Carl Hooper wandered out, calmly took guard, looked round, keeping his nerves to himself. Cork started his run-up. The tide of sound from a crowd building their throats up to a roar rose with every step, and he was delivering the ball, and it pitched and shot through, and it smashed Hooper on the pads and that roar crested and broke into a collective howl of exultation, and I, in the Pavilion, sat at cover point, at ninety degrees, the absolute worst position to judge a leg before, was on my feet and roaring, because I knew, I KNEW he was out, that it was foursquare, it was plum, I’d just seen a hat trick after all these years, and Mitchley’s finger, overcome by the explosion of sound and fury, came up, even if, on sober recollection, that ball might have been sliding down the leg side a fraction, but fulfilment had come for once on that screw of tension that exists between the second ball and the third. A hat trick. The West Indies blown apart, their guts dragged out of them. And the second over to come.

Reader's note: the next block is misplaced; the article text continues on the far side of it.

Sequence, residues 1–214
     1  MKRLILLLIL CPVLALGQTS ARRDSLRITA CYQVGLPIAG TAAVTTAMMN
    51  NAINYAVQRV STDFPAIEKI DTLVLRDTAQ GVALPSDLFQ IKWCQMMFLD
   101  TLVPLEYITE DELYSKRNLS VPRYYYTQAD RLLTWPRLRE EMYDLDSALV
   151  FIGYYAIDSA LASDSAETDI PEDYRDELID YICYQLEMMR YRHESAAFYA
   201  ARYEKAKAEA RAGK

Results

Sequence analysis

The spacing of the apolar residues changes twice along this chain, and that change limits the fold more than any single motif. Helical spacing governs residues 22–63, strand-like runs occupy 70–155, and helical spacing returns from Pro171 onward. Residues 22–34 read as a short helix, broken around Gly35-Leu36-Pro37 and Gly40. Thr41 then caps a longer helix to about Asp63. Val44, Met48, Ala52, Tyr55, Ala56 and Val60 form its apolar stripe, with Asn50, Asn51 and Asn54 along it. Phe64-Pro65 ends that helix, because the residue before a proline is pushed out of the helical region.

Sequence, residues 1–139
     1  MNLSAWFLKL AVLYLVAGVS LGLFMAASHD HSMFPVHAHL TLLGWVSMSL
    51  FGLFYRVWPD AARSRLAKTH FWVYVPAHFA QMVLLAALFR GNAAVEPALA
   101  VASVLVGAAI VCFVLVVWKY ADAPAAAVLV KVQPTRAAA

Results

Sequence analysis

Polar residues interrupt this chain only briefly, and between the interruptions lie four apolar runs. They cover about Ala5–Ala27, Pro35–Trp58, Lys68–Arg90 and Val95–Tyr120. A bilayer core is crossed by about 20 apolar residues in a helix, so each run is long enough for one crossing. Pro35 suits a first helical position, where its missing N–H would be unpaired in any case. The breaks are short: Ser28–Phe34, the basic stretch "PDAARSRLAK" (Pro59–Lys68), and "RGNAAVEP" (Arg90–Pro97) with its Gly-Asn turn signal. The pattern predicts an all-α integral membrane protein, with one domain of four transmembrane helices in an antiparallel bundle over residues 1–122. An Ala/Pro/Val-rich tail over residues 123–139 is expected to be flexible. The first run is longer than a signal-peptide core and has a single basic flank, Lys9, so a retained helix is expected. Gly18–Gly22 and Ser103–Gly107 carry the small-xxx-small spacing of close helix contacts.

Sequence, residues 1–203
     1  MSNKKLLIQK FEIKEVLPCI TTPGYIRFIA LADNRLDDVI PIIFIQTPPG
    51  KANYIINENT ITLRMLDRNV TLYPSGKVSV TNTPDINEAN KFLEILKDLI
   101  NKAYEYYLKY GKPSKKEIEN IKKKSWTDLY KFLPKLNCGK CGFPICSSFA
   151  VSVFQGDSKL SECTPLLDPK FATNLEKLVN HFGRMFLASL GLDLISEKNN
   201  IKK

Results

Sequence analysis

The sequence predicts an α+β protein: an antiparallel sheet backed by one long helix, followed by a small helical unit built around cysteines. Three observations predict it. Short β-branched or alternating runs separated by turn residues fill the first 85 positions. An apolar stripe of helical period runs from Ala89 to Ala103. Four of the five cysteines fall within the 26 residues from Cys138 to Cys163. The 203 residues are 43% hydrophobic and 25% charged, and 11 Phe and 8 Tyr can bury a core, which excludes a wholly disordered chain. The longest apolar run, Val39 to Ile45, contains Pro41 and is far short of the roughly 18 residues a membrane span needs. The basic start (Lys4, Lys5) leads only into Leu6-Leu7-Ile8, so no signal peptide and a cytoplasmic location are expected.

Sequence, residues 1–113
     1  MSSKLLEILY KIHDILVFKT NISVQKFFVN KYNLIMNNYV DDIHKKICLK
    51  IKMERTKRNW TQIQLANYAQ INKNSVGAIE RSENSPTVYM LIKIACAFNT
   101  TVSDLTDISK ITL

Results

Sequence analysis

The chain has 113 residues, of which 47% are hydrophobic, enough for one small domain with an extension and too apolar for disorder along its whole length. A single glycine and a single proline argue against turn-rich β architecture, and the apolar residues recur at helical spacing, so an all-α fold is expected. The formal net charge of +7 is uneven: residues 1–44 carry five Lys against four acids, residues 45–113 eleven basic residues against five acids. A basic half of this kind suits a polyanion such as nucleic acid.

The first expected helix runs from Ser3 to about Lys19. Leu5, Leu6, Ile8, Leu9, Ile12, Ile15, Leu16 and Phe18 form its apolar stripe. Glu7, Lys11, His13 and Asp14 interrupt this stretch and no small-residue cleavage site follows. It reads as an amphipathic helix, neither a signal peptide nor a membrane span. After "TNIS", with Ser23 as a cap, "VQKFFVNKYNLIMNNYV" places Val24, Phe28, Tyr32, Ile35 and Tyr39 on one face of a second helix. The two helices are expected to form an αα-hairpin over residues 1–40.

England went on to win. Brian Lara held things together superbly, ninth out for 145, setting England a target of 94 to win, which they dithered over but won after losing four wickets, saving the game from going over into its Final Day. And there was the history of it: only England’s eighth hat trick and only the twenty-second in all Test Cricket: the first since Peter Loader almost forty years before and only the second since the Second World War: only the second home hat trick of the Twentieth Century.
None of which changes what is the greatest significance of that moment: it was my first hat trick. My only hat trick. It turned a Test Match on its head, it was the greatest start to a day there has ever been but most of all, I was there to see it. I was there.